To: Newsletter
From: Peter Rivard
Subject: Another favorite student


Hello, friends,

       This is another quick topic from the backlog that's been bouncing around in my head while I've been ex communicado.
       I noticed the other night, hovering above myself and a few colleagues at a bar on the other side of town, that I've fallen into the Japanese habit of flattery. Not insincere flattery, but the sort of thing one couldn't express in English without making an ass out of myself. The act of expressing the thought is a way of demonstrating that the relationship is important. Now that I'm taking part in this myself, I've come to appreciate it. Not only is it reassuring to know how I fit in with a friend or group, but I'm glad to be able to offer the same kind of reassurance to others, or at least to indicate how much it means to me. How does that New Wave song go?*
       Of course, I still also express my affection and respect through teasing, and one girl I'm especially fond of recently seemed unsure of how to take me. Her sister is a year behind her, and before spring break I must have said something to her like, "Your sister is a strange girl," "strange" being a frequent tease that usually seems to have about the right effect. Two or three weeks later, after the break, she came up to me and asked me, sounding a little concerned, "Why is Asuka strange?" At first, I didn't quite understand the point of the question, so all I could think of were replies like "I don't know. Do you two have weird parents?" and "Genetics." Then I realized I must have teased her about her sister, so I told her it was just a joke and that her sister is a nice kid. I was amazed she'd held onto that for all those weeks over the break. This girl, Mayuko, is really sweet. She tries very hard to speak to me, and I can always understand what she says. When she can get out a whole, perfect sentence, it's an accomplishment, and I feel a little proud of her. She usually smiles up at me with this fascinated, slightly hopeful, slightly confused smile, kind of like the Mona Lisa. I told Takako, the English teacher at Go-chu, that when Mayuko smiles at me, I always wonder whether it's really a smile or just gas (which made no sense to her whatsoever; I had to explain how we say that about babies' smiles). We talked about her for a while. Takako said that when Mayuko talks to her, even in Japanese, she gives the impression of straining to understand but of being utterly fascinated--something in her affect makes everyone she speaks to feel that she's intensely interested in them, which is really a gift. Weird, weird kid but very sweet; she's been trying a lot harder to initiate conversation with me in English lately.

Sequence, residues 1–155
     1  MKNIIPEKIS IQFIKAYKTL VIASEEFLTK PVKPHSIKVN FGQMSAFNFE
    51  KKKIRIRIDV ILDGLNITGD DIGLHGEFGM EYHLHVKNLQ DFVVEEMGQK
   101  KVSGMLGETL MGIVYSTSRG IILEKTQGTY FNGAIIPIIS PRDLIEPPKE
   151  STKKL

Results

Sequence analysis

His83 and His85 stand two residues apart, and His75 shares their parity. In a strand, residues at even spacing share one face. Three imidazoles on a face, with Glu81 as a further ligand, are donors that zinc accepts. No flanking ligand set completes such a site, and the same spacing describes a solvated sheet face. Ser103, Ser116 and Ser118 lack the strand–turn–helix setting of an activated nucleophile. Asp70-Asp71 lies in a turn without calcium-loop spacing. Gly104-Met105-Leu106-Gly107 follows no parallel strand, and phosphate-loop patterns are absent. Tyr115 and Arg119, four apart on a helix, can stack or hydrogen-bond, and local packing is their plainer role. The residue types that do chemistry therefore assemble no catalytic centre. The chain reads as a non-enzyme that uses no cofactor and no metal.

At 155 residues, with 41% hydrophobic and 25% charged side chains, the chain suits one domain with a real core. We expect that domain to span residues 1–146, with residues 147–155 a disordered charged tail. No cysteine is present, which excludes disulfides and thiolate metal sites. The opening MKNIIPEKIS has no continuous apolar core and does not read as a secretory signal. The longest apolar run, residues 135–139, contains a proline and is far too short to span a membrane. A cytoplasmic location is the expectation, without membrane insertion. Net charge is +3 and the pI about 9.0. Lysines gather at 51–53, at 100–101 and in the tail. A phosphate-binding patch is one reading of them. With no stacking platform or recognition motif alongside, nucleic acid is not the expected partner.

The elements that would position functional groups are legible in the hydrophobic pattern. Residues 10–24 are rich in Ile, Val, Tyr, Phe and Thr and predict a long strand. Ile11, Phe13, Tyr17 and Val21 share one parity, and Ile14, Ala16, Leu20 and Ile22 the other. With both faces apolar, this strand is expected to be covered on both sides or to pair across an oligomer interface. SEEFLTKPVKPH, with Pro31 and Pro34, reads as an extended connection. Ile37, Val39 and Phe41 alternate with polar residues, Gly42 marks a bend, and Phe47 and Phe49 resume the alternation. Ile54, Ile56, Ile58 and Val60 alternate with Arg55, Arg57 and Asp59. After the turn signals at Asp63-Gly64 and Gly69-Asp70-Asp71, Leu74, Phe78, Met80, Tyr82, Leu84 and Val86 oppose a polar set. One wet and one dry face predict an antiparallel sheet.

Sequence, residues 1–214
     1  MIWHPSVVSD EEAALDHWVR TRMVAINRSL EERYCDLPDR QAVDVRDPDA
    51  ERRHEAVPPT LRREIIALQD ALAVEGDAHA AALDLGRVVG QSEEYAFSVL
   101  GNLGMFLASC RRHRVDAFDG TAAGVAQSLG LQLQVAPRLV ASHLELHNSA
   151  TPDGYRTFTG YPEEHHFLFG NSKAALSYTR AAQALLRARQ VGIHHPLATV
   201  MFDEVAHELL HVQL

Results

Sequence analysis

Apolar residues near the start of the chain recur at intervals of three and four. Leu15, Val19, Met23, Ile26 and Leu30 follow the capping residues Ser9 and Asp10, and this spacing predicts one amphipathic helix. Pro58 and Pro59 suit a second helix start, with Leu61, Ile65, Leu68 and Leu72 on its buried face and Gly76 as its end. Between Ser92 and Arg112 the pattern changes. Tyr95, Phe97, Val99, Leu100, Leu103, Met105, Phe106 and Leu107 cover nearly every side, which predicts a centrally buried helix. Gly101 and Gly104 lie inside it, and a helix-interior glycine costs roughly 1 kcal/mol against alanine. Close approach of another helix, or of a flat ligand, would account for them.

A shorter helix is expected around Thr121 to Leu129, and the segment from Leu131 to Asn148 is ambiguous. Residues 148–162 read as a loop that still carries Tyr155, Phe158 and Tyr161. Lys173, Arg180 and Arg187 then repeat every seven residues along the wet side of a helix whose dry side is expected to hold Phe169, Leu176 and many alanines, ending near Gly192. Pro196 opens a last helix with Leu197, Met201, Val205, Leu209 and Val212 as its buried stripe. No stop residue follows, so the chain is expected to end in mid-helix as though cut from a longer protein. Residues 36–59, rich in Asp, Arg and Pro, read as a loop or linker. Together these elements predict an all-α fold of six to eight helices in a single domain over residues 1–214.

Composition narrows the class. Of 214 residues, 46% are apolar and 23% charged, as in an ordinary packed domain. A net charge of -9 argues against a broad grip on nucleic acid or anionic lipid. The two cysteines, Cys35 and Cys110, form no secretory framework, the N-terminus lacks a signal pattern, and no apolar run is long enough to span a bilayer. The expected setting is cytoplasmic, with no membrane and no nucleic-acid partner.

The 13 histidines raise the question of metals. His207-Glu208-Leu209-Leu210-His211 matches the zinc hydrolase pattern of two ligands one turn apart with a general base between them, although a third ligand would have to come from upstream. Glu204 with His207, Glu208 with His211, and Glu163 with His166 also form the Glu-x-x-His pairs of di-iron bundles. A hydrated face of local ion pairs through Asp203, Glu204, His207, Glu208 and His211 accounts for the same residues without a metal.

Another reason I enjoy going to work every day.

O genki de

Peter
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